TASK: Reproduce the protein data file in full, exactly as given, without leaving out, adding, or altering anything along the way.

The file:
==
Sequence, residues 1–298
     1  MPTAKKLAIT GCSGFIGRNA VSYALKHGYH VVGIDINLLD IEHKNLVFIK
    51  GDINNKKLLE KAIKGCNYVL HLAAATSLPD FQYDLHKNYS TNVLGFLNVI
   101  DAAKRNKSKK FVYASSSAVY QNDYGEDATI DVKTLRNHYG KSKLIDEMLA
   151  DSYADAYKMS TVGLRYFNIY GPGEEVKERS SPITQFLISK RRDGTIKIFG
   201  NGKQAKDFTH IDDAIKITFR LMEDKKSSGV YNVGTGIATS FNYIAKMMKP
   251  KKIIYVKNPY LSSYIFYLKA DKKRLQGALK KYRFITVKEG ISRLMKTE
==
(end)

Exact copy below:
Sequence, residues 1–298
     1  MPTAKKLAIT GCSGFIGRNA VSYALKHGYH VVGIDINLLD IEHKNLVFIK
    51  GDINNKKLLE KAIKGCNYVL HLAAATSLPD FQYDLHKNYS TNVLGFLNVI
   101  DAAKRNKSKK FVYASSSAVY QNDYGEDATI DVKTLRNHYG KSKLIDEMLA
   151  DSYADAYKMS TVGLRYFNIY GPGEEVKERS SPITQFLISK RRDGTIKIFG
   201  NGKQAKDFTH IDDAIKITFR LMEDKKSSGV YNVGTGIATS FNYIAKMMKP
   251  KKIIYVKNPY LSSYIFYLKA DKKRLQGALK KYRFITVKEG ISRLMKTE